Emma Thompson in Saving Mr. Banks (Francois Duhamel/Walt Disney Pictures)

Emma Thompson in Saving Mr. Banks (Francois Duhamel/Walt Disney Pictures)

Directed by John Lee Hancock
Written by Kelly Marcel & Sue Smith
Produced by Alison Owen, Ian Collie & Philip Steuer
Released by Walt Disney Studios Motion Pictures
UK/USA. 125 min. Rated PG-13
With Emma Thompson, Tom Hanks, Paul Giamatti, Jason Schwartzman, Bradley Whitford, Annie Rose Buckley, Ruth Wilson, B. J. Novak, Rachel Griffiths, Kathy Baker, Colin Farrell & Melanie Paxson

Poor Mary Poppins, both the character and the 1964 musical film produced by Walt Disney. Over the years, the two have become shorthand for schmaltz, but that’s not accurate. Though this Broadway-style musical is G-rated wholesome, its central force, Mary Poppins, is as blunt and standoffish as she is in the books by author P. L. Travers, first published in the 1930s.

Maybe the film’s reputation is due to the dancing penguins, the two precocious child actors playing the Banks children, the upbeat melodies, or the success of The Sound of Music. Released less than a year after Poppins, that musical was sugary where Poppins is tart. Poppins, on the film and on the page, is not very warm and fuzzy. She boasts that she’s practically perfect in every way and won’t let anyone forget it. On the page, she comes across as brittle, but as played by Julie Andrews, she’s firm and tough loving.

The biopic Saving Mr. Banks half-heartedly corrects this misconception in this comedic culture clash of two mind-sets: the blunt Brit (though technically Australian-born) Travers, played by Emma Thompson, defies the homespun Hollywood movie mogul Disney (Tom Hanks). Since the 1940s, she has refused to grant the producer the film rights to her imperious and unpredictable governess. Now in 1961, she travels first-class (paid for by American lucre) to Los Angeles to scrutinize the film project in preproduction before she grants her consent, and she yields script approval like a lethal weapon. Inflexible, judgmental, and cuttingly condescending, she’s the ugly Brit, if there were such a term. The last thing Travers wants is a screenplay stuffed with “whimsy and sentiment” and “certainly not a musical.” Her Poppins faces the hard truths of life, though through magic. At her core, Poppins refrains from sentimentality. The same can’t be said for this film.

Banks, a coproduction between the BBC Films and the current Disney regime, acknowledges that though exacting, Travers doesn’t completely get her way, but she’s not flattened by studio machinations either. Even a hard negotiator like Travers is not resistant to the charms of Disney’s version of her tales, especially the buoyant score by Richard and Robert Sherman (played by Jason Schwartzman and B. J. Novak, respectively). Though her stories were originally set in the 1930s, Disney blew them back into the Edwardian era, and the composers combined pre-Beatles pop with catchy English music hall ditties, which helped to lure Andrews to the project; she began her stage career as a child prodigy with a multiple octave voice during the waning days of the music hall. And in this telling, Travers isn’t impervious to Mickey Mouse, snuggling up to the giant stuffed rodent during a rough, sleepless night.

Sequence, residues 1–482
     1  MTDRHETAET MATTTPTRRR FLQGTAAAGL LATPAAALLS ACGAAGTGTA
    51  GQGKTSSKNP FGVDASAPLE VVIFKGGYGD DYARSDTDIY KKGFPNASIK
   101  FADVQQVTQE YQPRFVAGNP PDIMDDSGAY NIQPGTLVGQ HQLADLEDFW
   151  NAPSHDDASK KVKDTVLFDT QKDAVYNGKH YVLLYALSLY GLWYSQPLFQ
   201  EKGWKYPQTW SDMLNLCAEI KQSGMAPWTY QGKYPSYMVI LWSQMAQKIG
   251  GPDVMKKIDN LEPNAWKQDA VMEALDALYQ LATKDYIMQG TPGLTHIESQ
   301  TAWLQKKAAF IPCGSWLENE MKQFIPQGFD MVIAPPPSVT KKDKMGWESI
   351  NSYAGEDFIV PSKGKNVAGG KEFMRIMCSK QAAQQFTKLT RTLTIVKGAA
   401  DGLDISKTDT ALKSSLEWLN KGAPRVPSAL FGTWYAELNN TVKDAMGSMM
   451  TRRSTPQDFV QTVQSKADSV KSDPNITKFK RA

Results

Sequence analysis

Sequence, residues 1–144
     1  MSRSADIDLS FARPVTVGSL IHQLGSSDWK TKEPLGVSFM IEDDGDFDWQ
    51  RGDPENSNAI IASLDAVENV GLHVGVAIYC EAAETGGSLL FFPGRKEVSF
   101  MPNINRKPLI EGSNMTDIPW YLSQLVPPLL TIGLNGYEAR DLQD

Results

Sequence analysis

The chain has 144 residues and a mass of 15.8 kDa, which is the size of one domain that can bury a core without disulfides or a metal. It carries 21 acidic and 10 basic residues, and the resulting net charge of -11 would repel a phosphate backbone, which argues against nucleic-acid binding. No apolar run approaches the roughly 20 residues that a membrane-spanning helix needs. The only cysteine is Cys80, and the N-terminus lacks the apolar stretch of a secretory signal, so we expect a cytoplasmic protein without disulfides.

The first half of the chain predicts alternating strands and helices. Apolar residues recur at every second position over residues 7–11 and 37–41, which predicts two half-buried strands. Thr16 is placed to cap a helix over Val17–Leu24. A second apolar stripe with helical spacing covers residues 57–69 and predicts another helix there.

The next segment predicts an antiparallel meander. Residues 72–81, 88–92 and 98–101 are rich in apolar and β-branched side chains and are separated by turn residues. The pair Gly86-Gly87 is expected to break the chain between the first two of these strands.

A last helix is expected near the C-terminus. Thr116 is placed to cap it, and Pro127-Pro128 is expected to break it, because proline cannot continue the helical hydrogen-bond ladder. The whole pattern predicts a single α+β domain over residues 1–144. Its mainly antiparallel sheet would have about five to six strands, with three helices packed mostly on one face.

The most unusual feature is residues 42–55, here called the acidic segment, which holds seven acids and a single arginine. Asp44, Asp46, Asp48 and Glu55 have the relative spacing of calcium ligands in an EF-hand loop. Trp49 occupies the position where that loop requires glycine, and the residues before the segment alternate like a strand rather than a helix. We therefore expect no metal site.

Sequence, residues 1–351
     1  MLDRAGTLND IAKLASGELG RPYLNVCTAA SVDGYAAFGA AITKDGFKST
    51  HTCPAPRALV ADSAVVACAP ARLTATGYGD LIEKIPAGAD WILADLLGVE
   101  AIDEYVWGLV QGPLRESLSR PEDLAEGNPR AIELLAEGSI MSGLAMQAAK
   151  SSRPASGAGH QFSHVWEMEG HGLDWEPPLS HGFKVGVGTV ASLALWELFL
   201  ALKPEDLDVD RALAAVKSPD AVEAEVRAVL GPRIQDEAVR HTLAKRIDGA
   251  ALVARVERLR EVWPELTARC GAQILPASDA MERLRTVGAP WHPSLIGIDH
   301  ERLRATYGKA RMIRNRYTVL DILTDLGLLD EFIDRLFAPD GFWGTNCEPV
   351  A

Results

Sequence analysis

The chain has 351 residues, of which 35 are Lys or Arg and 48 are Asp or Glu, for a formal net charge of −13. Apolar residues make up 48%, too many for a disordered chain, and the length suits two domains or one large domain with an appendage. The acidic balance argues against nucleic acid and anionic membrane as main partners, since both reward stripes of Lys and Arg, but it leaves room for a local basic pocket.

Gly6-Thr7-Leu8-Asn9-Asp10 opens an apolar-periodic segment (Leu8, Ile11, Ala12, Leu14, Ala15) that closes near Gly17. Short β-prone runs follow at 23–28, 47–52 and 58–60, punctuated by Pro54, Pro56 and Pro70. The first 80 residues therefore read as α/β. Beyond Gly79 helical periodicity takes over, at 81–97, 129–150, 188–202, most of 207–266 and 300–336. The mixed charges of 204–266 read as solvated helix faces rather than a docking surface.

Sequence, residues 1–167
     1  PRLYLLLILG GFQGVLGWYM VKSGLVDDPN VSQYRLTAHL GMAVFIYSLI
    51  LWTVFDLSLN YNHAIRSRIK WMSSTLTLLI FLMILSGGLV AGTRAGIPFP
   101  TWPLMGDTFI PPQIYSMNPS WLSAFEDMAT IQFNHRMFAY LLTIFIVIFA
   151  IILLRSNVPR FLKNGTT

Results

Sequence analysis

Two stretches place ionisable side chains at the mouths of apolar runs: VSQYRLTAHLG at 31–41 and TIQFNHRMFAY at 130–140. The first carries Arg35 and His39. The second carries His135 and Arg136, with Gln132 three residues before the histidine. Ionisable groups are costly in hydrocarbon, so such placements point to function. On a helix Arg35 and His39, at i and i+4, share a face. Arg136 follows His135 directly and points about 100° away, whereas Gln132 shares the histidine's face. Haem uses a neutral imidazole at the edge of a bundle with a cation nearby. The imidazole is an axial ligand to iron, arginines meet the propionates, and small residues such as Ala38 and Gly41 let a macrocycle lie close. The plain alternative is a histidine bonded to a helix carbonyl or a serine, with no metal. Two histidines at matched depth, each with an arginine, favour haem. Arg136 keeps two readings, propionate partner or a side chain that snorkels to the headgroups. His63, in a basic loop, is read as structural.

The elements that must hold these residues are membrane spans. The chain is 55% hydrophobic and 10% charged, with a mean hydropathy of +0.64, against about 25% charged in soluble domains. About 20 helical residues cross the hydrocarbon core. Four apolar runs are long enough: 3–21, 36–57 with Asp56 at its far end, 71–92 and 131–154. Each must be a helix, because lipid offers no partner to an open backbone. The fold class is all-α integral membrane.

Most likely, Travers would find this screen version of her life to be obvious and heavy handed. The frequent and none too subtle flashbacks shift the focus to her downscale childhood in the boonies of Australia, obviously filmed in California, with an emotionally wrecked mother and a dad who takes to the bottle. Besides heartbreak, Pa gives his daughter the gift of spinning a tale.

There’s no mystery about Travers’s background, unlike the origins of Mary Poppins; here, the author’s backstory even includes the genesis for Poppins: an aunt who comes to the aid of the destitute family. Played by Rachel Griffiths, she totes a carpet bag and an umbrella with a parrot’s head and spouts dialogue out of the Disney version—as if another tie-in to that film were necessary. (The 50th anniversary edition of Poppins has also just been released.} Unglamorous here, Griffiths probably would have received Travers’s seal of approval; the author thought Andrews was too pretty for Poppins but had the right nose for the character. Griffiths more closely resembles the nanny from the original illustrations by Mary Shepard.

Despite the armchair psychoanalysis, it takes a flinty heart to resist the power of the ending of Banks, which mirrors the bittersweet finale of Poppins. The cast sings the rousing “Let’s Go Fly a Kite,” but melancholia hovers in the air: Mary Poppins, lead by her umbrella, flies away, leaving behind the Banks family. (Just seeing snippets of the Disney film will make millions of baby boomers teary eyed.) Viewing Mary Poppins beforehand certainly adds a needed resonance, but why would Mr. Banks appeal to anyone who hasn’t first seen the Disney film?

Though a Broadway-style, live-action, irony- and cynic-free movie musical like Mary Poppins has long been out of style, that film holds up very well, even though its pace would be considered slow today. Years ago, I was at a bookstore finding refuge during a heat wave, and the film was playing to a broad representation of kids of the Upper West Side, all sitting glued in front of the TV screen—the prim and proper nanny still commands attention. Travers need not have worried about Disney turning Poppins into one of his “silly cartoons,” As played by Andrews, Mary Poppins was in good hands. Andrews is nothing if not sincere; anyone would believe she could fly. It’s highly doubtful that without her performance—or the mix of live-action and animation—Travers’s beloved nanny would be as well remembered today.